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Freehold: Chapter Four

       Last updated: Sunday, September 28, 2003 02:17 EDT



    "And if a stranger sojourn with thee in your land, ye shall not vex him But the stranger that dwelleth with you shall be unto you as one born among you…" -Leviticus 19:33-34

    Her height was the first thing Robert McKay noticed; followed by the fact that she was an offworlder. Her skin was too pale, sweating profusely, and she lugged frustratedly at a travelbag that couldn't mass as much as her effort suggested. He quickened his pace, passed her and asked, "Can I give you a hand with that?"

    The suspicious look in her eyes suggested a home planet with high crime. She scanned him, obviously looking for signs of danger. She saw something that dropped her caution just a tiny bit and replied, "Sure, thanks," gratefully. Her accent was North American, he thought.

    He scooped up the bag, which was as light as he suspected, slung it over his shoulder and asked, "Where are you heading?"

    "Seven Rushton Avenue, number sixteen. But I have no idea where that is, other than this way," she replied, indicating the direction with a forward nod.

    A stunning woman, tall and with a sexy drawl, moving in right next door! Definitely a situation to deal cautiously with. "Across this park is faster," he advised her, "I'm in number fifteen. Robert McKay." He offered a hand.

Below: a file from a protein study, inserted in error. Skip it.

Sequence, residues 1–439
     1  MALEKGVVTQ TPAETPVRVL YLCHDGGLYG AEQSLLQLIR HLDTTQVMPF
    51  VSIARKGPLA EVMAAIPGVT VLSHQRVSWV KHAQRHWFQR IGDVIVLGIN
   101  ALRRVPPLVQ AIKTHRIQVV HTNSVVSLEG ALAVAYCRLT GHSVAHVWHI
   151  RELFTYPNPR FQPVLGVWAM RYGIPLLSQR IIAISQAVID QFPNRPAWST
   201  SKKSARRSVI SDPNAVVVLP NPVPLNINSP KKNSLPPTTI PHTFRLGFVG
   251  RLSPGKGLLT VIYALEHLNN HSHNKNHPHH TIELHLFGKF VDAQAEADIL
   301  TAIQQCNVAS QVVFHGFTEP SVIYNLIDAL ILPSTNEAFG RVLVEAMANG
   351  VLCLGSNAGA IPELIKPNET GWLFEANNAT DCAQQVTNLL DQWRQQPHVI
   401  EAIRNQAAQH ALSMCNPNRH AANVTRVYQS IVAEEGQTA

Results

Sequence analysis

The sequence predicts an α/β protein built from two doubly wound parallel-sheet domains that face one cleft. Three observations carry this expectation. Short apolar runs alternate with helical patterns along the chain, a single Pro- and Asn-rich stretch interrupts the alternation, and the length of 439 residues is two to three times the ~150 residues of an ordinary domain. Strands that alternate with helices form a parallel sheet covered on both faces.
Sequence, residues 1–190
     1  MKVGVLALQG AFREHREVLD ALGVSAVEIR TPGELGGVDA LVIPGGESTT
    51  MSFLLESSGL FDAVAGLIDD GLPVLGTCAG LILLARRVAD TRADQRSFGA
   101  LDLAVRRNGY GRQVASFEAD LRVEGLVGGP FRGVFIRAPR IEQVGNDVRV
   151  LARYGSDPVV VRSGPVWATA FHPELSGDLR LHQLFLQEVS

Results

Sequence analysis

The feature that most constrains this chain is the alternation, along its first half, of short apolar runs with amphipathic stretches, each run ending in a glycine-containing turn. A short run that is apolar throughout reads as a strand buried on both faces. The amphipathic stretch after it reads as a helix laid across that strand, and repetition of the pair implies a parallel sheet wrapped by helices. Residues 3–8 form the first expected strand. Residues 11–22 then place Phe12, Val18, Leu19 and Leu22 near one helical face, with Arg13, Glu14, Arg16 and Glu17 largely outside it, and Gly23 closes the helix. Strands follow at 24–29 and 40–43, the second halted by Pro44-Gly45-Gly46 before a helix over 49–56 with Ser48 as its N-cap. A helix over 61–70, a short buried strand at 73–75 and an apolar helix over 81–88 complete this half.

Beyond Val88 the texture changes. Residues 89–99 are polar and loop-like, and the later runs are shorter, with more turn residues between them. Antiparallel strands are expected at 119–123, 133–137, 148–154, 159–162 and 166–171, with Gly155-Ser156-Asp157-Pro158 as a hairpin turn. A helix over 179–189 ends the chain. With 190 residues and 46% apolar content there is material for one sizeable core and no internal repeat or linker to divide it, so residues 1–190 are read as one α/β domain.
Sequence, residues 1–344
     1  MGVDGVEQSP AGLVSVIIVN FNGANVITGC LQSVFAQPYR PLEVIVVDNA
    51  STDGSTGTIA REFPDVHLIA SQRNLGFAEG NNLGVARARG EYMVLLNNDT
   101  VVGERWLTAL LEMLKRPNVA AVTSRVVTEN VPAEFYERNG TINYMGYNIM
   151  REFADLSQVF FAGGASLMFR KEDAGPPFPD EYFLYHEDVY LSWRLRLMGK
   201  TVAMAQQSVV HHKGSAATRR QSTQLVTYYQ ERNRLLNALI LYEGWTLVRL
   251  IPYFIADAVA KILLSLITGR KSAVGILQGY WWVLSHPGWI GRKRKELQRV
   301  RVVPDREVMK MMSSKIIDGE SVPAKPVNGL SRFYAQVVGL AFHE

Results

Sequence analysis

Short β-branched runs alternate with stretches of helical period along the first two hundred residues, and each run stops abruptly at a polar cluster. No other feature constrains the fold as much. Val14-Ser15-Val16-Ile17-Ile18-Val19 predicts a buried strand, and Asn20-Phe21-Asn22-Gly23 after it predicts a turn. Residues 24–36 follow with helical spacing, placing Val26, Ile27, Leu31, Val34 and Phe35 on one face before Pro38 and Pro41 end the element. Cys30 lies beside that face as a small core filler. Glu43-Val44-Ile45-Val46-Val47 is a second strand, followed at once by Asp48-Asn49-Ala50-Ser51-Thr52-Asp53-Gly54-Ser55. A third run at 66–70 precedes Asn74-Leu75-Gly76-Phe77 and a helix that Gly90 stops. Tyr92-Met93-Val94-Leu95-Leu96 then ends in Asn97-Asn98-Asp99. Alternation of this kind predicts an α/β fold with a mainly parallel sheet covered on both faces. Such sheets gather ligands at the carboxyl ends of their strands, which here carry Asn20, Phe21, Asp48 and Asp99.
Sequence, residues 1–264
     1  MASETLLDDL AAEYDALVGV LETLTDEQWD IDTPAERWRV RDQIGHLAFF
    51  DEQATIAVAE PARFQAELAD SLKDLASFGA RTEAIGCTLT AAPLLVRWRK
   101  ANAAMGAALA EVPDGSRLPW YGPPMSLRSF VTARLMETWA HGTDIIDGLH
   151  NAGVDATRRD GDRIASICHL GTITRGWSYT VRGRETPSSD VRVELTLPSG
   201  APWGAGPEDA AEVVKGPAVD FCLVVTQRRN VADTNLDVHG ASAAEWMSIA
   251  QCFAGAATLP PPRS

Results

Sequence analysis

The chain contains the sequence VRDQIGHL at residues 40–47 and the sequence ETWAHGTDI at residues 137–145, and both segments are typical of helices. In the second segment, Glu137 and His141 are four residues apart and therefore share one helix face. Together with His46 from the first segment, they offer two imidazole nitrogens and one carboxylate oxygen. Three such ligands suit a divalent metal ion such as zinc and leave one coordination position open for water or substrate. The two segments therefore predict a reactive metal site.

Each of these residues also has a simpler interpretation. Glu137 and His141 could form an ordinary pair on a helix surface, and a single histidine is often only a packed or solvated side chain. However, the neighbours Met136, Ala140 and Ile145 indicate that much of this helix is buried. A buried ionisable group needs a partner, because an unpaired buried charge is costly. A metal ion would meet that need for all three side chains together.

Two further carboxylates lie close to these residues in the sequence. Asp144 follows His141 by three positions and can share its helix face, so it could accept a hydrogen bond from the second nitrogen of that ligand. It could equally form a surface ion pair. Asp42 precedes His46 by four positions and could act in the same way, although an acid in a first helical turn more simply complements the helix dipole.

She held hers out and looked confused when he took it in both of his. "Uh... Kendra Pacelli."

    "Sorry," he said, "Just a normal polite greeting here. I know it's not common on Earth."

    "Is it that obvious?" she asked, smiling wryly.

    He heard a slight strain to her breathing and slowed his pace a little. It was glaring to his trained eye, but he didn't want to alarm her. Instead, he told her honestly, "I've been there. Military duty." He took a quick, unobtrusive look up and down, trying to memorize every line of her. As far as physical beauty, this was a jackpot of a neighbor-incredibly tall, slim, creamy skin and eyes like the East Sea. He guided her through the small corner lot, lush with flowers and grasses and across Crow Lane to Rushton. "And here we are," he indicated the stairs, then led the way up.

    He paused at his door and opened it, reached under his tunic and tossed a holstered gun and a pouch in the direction of the bed, closed the door and turned to hers.

    "What do you do?" she asked.

    "Operations Analyst, currently on contract to the city. And vertol pilot for the reserves."

    "Can I ask why everyone is armed to the teeth?" She was obviously bothered by the profusion of hardware she'd seen so far. Well, that fit with Earth's cultural attitude, he thought-ban anything that wasn't mandatory.

    "Vicious native animals," he told her. "If you are anywhere out of the downtown area, it's very advisable to carry. We also carry to assert our rights, but don't worry about the philosophy now. It'll take some getting used to. Let me show you around," he suggested, placing her travelbag on the bed and guiding her through the one-room flat.

    The kitchen was small, neat and efficient. The bathroom was nicely equipped and more spacious than she expected. A comm was provided, with excellent link capabilities, and he cautioned her that she would be charged for almost all access. The whole was about the size of a nice hotel suite on Earth. Considering her rent as a percentage of her income, it was more than adequate lodging in what seemed to be a fairly nice neighborhood. She was glad not to have taken the cheapest available.

    "So, who will you be working for?" he asked.

    "City parks," she replied. "At least until my indent is paid."